New York Indian Film Festival 2012

Dreaming bigger, Bengali director left astrophysics for filmmaking
Bedabrata Pain
For most well-rounded people with a decent college education, the prospect of simply having "NASA" on their CV would be more than enough to satisfy their ambitions. Add to this the prestigious title of "senior research scientist", 67 patents and an induction into the Space Technology Hall of Fame thanks to an invention that had helped change the face of modern technology, and many out there wouldn't be criticised for suggesting they were rather pleased with how their career had gone.

Not so Bedabrata Pain who, in 2008, left his job at NASA's Jet Propulsion Laboratory in California and decided to turn to his real passion, drama and filmmaking.

"My PhD advisor told me that by the time you are 45, you should be absolutely settled in what you are doing, you have your roots planted so deep that you just build upon that, you concentrate on making the leaves of your tree rather than the trunk," says the Bengal-born Pain from his home in Los Angeles. "And as it turns out, that was exactly the age where I said 'screw the tree'."

Four years on, however, and Pain's dramatic leap from the microscope to the clapperboard is beginning to bear some sizeable fruit. Having already received a standing ovation during its world premiere in LA earlier this month, his debut feature Chittagong is now set to open the New York Indian Film Festival on Wednesday.

The film, set in the 1930s in British-occupied India (in an area now part of Bangladesh), tells the story of a real-life incident in which a group of teenage boys and girls, led by their revolutionary schoolteacher Surjiya Sen, inflicted a defeat on the British forces, capturing the two armouries and the European Clubs headquarters in Chittagong. While the incident would eventually lead to the capture and hanging of Surjiya Sen, Pain says that the spirit of the uprising lived on and was a "landmark event in the freedom struggle that has gone by completely unnoticed".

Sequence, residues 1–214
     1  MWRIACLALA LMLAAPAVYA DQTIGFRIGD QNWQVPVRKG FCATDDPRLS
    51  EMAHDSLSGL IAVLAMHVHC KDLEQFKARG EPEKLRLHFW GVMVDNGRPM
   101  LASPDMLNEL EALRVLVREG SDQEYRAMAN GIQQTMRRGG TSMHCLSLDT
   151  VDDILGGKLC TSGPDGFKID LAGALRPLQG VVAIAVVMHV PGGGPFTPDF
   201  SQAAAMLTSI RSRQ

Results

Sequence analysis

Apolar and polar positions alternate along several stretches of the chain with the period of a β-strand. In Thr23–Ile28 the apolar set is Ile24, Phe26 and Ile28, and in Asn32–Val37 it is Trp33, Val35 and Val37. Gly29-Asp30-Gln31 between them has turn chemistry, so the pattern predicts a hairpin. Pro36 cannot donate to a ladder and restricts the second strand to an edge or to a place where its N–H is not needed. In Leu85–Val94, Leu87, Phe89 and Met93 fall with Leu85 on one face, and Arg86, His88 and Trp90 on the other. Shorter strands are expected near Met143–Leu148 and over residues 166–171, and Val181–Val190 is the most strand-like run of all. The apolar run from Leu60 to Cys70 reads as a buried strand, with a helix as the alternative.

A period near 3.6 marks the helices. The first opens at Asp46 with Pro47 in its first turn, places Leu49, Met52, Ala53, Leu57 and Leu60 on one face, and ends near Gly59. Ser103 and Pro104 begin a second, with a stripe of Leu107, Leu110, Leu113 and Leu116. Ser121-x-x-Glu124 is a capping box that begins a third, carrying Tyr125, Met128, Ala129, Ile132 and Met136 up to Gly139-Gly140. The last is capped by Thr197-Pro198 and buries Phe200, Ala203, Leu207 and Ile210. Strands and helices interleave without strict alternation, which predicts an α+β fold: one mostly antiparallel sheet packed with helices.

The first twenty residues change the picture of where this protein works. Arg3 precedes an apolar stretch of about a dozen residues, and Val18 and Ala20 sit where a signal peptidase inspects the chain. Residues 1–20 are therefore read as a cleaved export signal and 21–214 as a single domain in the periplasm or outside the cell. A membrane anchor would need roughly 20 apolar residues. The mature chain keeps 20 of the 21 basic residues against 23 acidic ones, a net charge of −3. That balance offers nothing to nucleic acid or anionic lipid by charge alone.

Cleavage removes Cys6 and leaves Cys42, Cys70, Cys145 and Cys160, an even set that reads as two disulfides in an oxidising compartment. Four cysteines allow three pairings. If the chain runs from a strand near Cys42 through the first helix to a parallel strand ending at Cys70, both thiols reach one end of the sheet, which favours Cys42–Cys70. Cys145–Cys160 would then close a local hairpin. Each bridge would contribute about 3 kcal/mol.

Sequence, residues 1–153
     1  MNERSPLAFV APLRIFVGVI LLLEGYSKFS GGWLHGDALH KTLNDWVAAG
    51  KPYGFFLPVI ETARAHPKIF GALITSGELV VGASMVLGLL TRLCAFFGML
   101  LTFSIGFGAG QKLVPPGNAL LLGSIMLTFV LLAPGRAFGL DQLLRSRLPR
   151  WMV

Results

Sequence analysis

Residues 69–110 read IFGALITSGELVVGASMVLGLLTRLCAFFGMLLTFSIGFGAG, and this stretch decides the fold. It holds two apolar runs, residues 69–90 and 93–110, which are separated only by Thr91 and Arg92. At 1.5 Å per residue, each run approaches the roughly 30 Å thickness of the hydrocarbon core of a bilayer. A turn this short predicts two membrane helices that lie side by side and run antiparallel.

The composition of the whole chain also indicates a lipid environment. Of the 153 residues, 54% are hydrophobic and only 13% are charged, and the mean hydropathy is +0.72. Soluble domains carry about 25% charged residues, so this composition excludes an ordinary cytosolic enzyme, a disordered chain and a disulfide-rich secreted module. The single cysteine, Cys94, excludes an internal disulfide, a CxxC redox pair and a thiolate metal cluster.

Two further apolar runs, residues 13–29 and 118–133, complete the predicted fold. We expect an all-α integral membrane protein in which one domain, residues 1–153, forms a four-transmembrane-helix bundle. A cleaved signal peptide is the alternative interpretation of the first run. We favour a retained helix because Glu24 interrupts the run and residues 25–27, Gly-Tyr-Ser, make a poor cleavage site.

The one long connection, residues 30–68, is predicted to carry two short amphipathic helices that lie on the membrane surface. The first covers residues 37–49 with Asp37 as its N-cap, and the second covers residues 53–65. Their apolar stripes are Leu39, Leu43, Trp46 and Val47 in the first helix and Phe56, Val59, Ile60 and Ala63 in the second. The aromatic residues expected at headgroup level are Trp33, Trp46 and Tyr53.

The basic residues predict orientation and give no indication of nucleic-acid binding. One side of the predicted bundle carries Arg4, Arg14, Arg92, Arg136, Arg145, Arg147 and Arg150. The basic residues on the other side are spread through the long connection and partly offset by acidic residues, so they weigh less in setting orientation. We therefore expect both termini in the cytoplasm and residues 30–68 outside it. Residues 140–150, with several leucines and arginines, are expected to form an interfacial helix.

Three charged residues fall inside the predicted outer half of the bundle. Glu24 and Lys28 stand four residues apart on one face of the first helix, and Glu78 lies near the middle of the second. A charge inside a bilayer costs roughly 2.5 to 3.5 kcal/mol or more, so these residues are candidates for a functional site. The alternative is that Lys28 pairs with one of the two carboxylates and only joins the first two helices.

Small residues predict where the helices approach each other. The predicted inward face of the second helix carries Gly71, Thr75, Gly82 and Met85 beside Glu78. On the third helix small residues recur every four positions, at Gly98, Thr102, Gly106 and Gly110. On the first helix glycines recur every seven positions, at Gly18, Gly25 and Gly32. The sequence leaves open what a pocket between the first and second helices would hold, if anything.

Rather than focus on Sen, who Pain claims "was already a revered, iconic character, especially in Bengal", he, together with his co-writer and wife Shonali Bose (who directed 2005's acclaimed Amu), decided to base the story around the emotional journey of the 14-year-old fighter Jhunku Roy.

"He was the last surviving participant of the Chittagong incident in India," says Pain, adding that he spoke to the man shortly before he passed away in 2007 at the age of 92.

Story aside, Pain's work in his previous profession has - inadvertently - helped him in his new vocation. While working on his PhD at Columbia University (although he claims he was doing "anything but his PhD", including being involved in a theatre group), Pain was invited to work at NASA where, together with four friends, he helped invent something now called active pixel sensor technology.

"Purely out of good or bad luck, which I haven't yet been able to figure out, we came upon this invention, which went on to become digital CMOS imaging technology, which is in the backbone of all digital cameras today."

As it turned out, Pain's CMOS would revolutionise the industry he would eventually be turning to.

"My wife was in UCLA film school in '93/94, exactly when we were coming up with this invention and not really knowing where it was headed," he claims. "At the time, I made a wager with the professors there that everything would become digital, that nobody would be using film. Nobody wanted to hear it, it was completely blasphemous."

Twenty years on, and almost every element of filmmaking - from shooting, to post-production to the actual screenings - is digital.

"I can't even call my film a film anymore, because it's not," says Pain.


New York Indian Film Festival
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